The student life around here is so good! It is up to you if you want to go out or not; there are many nightclubs around Prague [and] I have only experienced a few. They are all good! My favourite is Roxy (depends on the day you go, there are a mixture of genres). It is really cheap in Prague, just make sure you don’t buy something straight away before you see other stores as some might be cheaper and the same value.


There are many beautiful sightseeing places, lots of museums, many shopping centres (who doesn’t love a good shopping spree and food afterwards!)


I would advise students to prepare themselves for the changes: you may get home sick for a couple of weeks (depending on who you are). Also, be prepare to be independent it is not a scary thing, it is actually a really good thing! Travel as much as you can wherever you are! Be confident and believe in yourselves.
Wishing everyone luck if you go studying abroad. Best wishes X



Erasmus+ Visit to Karlova University, Prague

At the beginning of May, Dr Em Temple-Malt – Post Graduate Course Leader in Sociology – travelled to Prague to teach at Karlova University, on an Erasmus exchange.

I had the great pleasure of returning to Karlova University (Charles University) in May 2018. Karlova University is one of our Erasmus exchange universities. I went out there to give guest lectures to undergraduate students and to deliver a talk as part of a Sociology Department Seminar Series.

The last time I was in Prague, February 2017, was to establish an exchange programme for our Sociology and Criminology students, and I stayed in the very touristy and beautiful Old Town square.

This time I stayed in the Herrmes hotel, Joninice, which was most excellent (thank you to the travel team for arranging me to stay at this hotel!). The hotel was situated two minutes from the tram stop – which transports you easily and quickly to many parts of the city. I was also five minutes from the Joninice campus, where I was teaching and close to the Sociology staff.

I found myself easily getting into a rhythm with the tram system, especially the B line. A 24kc ticket, stamped with a time code, allowed a 30-minute period of travel, which allowed me to get to and from my destinations. There was lots of construction work, meaning I became familiar with the dash, and crush in the lifts to the town.
In my short stay, I became a regular at the TGI Friday’s, in Andel. Having had a busy day of teaching and intellectually stimulating conversations, visiting different Czech restaurants and the buzz of Czech conversations, I found the restaurant and the same staff each night comforting; it was also really close to the hotel, which was excellent.

On the Wednesday, I got to teach students studying the module ‘Anthropology of Kinship’, the focus of this talk centered on my doctoral research – particularly, civil partners’ reasons for getting married and then breaking the news to significant others. Knowing the importance of interactive and memorable activities, I introduced students to the Channel 4 programme that focused on ostentatious weddings, Big Fat Gypsy Wedding and a clip from the TV series, Don’t Tell the Bride, to illustrate the gendered work within British weddings. These clips stimulated conversations and comparisons about the practicalities and organisation of Czech weddings. There was lots of laughter and interesting conversations; centering on the brides’ evident disappointment with the dress her fiancé had selected for her, which she felt made her hips look ‘massive’ and was devastated that the dress had buttons running the full length of the dress.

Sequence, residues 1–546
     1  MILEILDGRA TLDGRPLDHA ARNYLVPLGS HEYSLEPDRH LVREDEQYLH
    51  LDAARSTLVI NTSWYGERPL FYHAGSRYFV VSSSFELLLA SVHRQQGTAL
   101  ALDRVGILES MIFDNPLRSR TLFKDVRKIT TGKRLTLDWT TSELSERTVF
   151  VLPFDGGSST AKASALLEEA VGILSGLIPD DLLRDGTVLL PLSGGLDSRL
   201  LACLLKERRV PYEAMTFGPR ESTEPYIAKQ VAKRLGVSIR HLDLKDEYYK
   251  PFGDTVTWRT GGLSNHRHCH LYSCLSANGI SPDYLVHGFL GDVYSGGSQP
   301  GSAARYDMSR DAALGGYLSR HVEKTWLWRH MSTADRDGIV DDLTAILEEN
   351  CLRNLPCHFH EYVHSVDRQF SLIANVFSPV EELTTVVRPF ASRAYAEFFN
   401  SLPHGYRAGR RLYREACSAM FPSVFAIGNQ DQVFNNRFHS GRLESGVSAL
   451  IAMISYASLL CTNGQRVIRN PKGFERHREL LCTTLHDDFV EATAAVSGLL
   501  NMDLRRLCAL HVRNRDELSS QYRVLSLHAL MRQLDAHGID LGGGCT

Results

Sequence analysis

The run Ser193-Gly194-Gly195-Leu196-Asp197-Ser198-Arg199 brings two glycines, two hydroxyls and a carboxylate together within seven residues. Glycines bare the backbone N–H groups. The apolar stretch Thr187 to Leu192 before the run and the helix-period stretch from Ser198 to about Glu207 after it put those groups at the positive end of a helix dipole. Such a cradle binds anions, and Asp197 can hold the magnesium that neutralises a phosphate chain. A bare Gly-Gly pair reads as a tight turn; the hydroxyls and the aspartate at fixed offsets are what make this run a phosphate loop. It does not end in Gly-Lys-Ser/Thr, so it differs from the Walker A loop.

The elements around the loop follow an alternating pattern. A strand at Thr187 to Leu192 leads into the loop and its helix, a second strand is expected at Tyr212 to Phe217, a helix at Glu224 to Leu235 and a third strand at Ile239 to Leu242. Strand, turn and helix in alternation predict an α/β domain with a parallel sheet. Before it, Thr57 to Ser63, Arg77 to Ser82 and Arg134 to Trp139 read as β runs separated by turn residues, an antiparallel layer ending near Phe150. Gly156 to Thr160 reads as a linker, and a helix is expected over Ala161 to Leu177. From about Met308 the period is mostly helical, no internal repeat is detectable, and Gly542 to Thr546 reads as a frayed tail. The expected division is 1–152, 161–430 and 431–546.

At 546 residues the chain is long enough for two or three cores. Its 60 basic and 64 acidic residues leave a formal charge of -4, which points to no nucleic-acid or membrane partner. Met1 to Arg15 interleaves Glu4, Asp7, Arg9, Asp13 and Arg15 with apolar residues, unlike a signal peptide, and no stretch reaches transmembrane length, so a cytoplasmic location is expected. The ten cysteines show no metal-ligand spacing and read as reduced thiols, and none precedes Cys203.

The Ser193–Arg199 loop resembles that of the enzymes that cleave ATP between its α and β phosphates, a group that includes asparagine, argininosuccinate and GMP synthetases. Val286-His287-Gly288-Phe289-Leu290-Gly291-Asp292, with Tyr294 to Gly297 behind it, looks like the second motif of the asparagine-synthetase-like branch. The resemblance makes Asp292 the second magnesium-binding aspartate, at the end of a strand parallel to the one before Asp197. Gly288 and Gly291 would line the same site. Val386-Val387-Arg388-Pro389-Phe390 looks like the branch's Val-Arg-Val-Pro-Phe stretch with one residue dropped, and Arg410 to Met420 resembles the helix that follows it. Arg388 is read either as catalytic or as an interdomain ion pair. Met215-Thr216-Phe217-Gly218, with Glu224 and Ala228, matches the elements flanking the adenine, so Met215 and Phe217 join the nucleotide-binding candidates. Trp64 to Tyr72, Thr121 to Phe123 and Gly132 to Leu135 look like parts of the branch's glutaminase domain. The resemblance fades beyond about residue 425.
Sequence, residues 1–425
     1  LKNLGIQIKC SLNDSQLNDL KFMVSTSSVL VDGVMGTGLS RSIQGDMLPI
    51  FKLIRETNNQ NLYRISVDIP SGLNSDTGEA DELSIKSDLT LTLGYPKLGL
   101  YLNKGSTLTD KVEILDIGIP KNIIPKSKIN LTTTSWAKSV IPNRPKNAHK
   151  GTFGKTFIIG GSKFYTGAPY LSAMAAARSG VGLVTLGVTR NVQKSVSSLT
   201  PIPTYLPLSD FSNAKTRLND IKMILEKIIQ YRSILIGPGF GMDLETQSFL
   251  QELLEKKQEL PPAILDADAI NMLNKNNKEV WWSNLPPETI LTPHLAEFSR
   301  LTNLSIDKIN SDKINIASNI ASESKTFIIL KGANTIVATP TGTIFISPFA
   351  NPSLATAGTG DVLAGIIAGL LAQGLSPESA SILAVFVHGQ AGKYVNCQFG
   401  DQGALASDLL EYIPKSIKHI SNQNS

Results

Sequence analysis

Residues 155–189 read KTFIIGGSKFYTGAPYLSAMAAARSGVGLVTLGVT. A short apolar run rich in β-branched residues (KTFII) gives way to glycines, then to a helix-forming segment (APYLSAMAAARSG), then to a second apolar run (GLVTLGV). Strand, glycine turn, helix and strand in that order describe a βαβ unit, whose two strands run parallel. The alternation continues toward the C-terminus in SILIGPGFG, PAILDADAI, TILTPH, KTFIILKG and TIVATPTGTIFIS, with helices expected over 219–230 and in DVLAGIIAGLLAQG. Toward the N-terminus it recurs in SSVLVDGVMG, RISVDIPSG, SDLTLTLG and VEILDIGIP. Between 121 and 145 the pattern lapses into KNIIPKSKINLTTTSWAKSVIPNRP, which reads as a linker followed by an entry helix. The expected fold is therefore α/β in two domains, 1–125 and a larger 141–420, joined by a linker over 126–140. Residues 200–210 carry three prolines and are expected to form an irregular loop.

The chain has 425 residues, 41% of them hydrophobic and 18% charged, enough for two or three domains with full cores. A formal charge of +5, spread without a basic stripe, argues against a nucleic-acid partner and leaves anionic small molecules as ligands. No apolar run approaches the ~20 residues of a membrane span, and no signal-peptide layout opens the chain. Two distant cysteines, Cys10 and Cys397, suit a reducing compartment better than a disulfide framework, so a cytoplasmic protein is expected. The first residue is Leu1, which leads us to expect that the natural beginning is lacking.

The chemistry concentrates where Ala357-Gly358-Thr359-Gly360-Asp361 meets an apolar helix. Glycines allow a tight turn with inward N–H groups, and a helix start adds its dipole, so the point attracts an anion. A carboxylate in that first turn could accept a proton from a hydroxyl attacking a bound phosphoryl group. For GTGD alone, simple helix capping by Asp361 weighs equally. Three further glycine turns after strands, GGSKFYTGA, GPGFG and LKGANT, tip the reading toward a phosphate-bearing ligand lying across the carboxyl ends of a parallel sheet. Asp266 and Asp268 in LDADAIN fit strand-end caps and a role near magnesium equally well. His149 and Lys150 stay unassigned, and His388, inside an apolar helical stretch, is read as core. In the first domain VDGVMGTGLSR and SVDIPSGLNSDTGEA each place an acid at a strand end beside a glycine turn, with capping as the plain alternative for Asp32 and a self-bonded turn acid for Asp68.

Thursday was a busy day, the second lecture focused on the way the UK is currently responding to domestic abuse and how services for male perpetrators could be improved based on a recent research project. The module introduction to gender and sexuality, was taken by all female students. We had really interesting and thought-provoking conversations. One student posed me a really challenging question, when she asked why is it that men are always more dominant than women in society? I burbled, speechless, I suspect she is still waiting for an eloquent answer!

One student enjoyed my lecture so much that she gave this feedback about my session: “I wanted to thank you for presenting and speaking about domestic violence. Unfortunately, a lot of people know very little about this issue, which is why I admire your bravery for openly talking about your own experience as well. I know that it can be difficult, especially if you are speaking about such a still largely stigmatized topic.
Today, people are mostly introduced to a black and white type of image about domestic violence. They don’t know the Whys and Hows, nor its forms. I liked that you mentioned the psychological aspect of domestic violence and how it affects both, the victim and the abuser. Speaking of victims and abusers, you also stated that both, women and men, may belong to both categories and that abused men have a harder time seeking help, due to their so called ‘masculinity’ etc. I found it interesting that you took another approach by speaking about the perpetrator and his or her experience. It is very important for me to understand every aspect of a situation and your presentation helped me gain insight into the mind of the abusers.